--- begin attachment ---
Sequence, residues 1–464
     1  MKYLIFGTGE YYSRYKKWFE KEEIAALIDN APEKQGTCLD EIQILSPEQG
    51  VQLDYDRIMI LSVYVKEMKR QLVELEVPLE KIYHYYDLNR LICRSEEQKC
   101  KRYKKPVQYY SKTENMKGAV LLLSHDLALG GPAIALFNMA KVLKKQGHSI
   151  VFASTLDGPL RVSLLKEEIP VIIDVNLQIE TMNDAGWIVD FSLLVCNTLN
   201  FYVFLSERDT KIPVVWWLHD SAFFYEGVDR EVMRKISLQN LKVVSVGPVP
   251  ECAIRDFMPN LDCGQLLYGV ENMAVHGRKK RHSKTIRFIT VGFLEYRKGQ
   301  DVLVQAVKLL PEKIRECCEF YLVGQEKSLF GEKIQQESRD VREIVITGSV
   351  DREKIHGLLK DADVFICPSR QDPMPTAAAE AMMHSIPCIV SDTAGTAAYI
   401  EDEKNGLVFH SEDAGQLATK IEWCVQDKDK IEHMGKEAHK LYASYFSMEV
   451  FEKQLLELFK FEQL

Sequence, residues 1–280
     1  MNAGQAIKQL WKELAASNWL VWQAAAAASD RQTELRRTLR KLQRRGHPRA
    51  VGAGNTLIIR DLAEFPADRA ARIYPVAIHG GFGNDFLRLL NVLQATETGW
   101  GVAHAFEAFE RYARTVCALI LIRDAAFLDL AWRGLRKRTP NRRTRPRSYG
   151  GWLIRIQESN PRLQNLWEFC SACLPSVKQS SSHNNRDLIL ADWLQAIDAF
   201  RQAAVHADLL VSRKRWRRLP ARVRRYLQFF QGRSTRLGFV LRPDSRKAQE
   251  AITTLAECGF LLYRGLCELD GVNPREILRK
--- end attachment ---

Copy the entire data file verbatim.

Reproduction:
Sequence, residues 1–464
     1  MKYLIFGTGE YYSRYKKWFE KEEIAALIDN APEKQGTCLD EIQILSPEQG
    51  VQLDYDRIMI LSVYVKEMKR QLVELEVPLE KIYHYYDLNR LICRSEEQKC
   101  KRYKKPVQYY SKTENMKGAV LLLSHDLALG GPAIALFNMA KVLKKQGHSI
   151  VFASTLDGPL RVSLLKEEIP VIIDVNLQIE TMNDAGWIVD FSLLVCNTLN
   201  FYVFLSERDT KIPVVWWLHD SAFFYEGVDR EVMRKISLQN LKVVSVGPVP
   251  ECAIRDFMPN LDCGQLLYGV ENMAVHGRKK RHSKTIRFIT VGFLEYRKGQ
   301  DVLVQAVKLL PEKIRECCEF YLVGQEKSLF GEKIQQESRD VREIVITGSV
   351  DREKIHGLLK DADVFICPSR QDPMPTAAAE AMMHSIPCIV SDTAGTAAYI
   401  EDEKNGLVFH SEDAGQLATK IEWCVQDKDK IEHMGKEAHK LYASYFSMEV
   451  FEKQLLELFK FEQL

Sequence, residues 1–280
     1  MNAGQAIKQL WKELAASNWL VWQAAAAASD RQTELRRTLR KLQRRGHPRA
    51  VGAGNTLIIR DLAEFPADRA ARIYPVAIHG GFGNDFLRLL NVLQATETGW
   101  GVAHAFEAFE RYARTVCALI LIRDAAFLDL AWRGLRKRTP NRRTRPRSYG
   151  GWLIRIQESN PRLQNLWEFC SACLPSVKQS SSHNNRDLIL ADWLQAIDAF
   201  RQAAVHADLL VSRKRWRRLP ARVRRYLQFF QGRSTRLGFV LRPDSRKAQE
   251  AITTLAECGF LLYRGLCELD GVNPREILRK